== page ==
Tuesday, November 4, 2008

UPDATED NOV. 8: Kinship care and the making of a President

No matter who we voted for Tuesday, we all should be grateful for two things: First, let us be grateful that, when Barack Obama's mother decided she couldn't raise him for a while, no Child Protective Services agency ever got involved. And second, we should be glad that Marcia Lowry, founder and leader of the group that arrogantly calls itself "Children's Rights" (CR) was not suing the State of Hawaii from 1971 through 1979.

    This was the time when Barack Obama was being raised by his grandmother who, so sadly, died Monday. Obama has said a great deal about how important Madelyn Payne Dunham was to him.  On Tuesday, Obama made history – and odds are that wouldn't have happened had he not spent eight years living with Dunham in what now we would call informal kinship care.

    But in those cases where, unlike Obama's, child protective services is involved, CR is trying to curb informal kinship care drastically. The group has decided that the magic bullet for foster care is licensing. So the group's latest crusade is trying to strong-arm states into requiring that every grandmother, grandfather, aunt, uncle or other relative who steps forward to care for a loved one whose parents are accused of maltreatment jumps through all the same hoops and meets all the same hypertechnical licensing requirements imposed on total strangers. With only limited exceptions, the CR rule would be: No license, no grandchild.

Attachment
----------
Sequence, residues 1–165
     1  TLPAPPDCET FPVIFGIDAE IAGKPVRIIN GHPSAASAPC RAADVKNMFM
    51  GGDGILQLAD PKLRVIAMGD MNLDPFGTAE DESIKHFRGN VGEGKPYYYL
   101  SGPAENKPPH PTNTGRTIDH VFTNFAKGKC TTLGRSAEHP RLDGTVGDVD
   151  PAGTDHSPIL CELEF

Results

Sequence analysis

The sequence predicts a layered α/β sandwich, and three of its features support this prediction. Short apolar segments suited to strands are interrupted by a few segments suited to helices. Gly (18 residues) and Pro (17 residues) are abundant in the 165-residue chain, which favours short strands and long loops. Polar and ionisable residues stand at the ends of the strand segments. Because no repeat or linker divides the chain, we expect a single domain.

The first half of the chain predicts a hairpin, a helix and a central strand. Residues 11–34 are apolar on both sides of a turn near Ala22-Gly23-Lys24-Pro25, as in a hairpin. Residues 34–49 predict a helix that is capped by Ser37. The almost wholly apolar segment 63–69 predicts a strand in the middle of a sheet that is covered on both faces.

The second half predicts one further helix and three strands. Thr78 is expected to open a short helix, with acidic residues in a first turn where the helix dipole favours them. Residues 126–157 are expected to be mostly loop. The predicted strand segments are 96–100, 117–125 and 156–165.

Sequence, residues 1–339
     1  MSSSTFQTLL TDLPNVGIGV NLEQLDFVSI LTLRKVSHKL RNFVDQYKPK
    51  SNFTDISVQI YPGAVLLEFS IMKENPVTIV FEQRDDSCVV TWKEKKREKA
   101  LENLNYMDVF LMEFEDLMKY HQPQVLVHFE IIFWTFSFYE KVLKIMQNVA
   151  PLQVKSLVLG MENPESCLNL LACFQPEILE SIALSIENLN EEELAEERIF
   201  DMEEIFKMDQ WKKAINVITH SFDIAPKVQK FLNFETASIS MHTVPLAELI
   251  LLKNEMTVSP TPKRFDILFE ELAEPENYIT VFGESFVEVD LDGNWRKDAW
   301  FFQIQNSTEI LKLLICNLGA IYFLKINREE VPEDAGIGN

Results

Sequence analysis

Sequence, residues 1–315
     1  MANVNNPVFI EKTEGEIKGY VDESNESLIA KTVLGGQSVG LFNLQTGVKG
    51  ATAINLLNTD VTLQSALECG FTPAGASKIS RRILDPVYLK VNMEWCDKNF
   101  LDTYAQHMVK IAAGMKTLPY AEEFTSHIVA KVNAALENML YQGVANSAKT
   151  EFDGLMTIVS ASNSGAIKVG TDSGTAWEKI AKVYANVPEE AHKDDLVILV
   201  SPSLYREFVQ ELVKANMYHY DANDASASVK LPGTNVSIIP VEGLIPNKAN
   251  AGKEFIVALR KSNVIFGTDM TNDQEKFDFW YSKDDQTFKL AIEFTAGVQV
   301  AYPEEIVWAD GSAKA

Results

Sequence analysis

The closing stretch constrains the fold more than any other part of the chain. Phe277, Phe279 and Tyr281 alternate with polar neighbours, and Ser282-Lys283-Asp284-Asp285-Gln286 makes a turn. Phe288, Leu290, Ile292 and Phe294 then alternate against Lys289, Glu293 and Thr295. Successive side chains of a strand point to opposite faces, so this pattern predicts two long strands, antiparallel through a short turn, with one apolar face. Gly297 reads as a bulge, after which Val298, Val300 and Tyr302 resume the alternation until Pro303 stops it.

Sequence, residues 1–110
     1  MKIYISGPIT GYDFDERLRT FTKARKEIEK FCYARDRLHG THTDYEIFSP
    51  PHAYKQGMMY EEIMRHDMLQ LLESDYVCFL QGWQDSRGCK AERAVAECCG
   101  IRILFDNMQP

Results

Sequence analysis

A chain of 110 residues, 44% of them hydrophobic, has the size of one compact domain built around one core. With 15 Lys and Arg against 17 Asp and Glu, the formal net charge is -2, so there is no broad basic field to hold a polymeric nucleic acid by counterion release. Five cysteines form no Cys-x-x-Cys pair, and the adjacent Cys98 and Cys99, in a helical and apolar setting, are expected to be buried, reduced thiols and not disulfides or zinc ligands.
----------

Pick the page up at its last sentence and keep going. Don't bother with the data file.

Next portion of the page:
One laboratory for this awful experiment is Michigan, where CR won a consent decree requiring that all grandparents be licensed or obtain a waiver or "variance" from licensing requirements in order to be allowed to take in relatives placed by the state child welfare agency.

    Of course there are certain bare minimum standards, directly related to health and safety, that every foster home should meet. But that's not what we're talking about here. Michigan's foster care licensing requirements run to ten single-spaced pages. They seem to assume that every foster parent owns her or his own home. Virtually everything under sections called "Maintenance," "Heat light and ventilation," "Flame and heat producing equipment," and "Bathrooms" would be out of the control of a renter. Are grandchildren going to be denied the right to live with grandparents because a landlord doesn't keep the bathroom hot water temperature under 120 degrees or put screens on every window?

There are 41 separate requirements just for bedrooms and their contents. There's also a requirement that every dwelling unit on a floor higher than the second have at least two means of egress. I don't know for sure, but odds are the 954-square-foot tenth floor apartment where Madelyn Payne Dunham raised her grandson wouldn't qualify.

In Michigan, grandparents like Dunham who want to take in a grandchild placed by the state child welfare agency must either move or obtain a waiver or variance. The consent decree has no language emphasizing that waivers and variances should be easy to get; and, given how bureaucracies work, odds are it's going to be a very difficult process, with workers fearful of making any exceptions lest they incur CRs wrath should something go wrong. And there's another problem: Especially in poor, minority communities where CPS agencies are viewed, often rightly, with suspicion, there are plenty of grandparents who simply are too scared to allow that agency to micromanage their lives.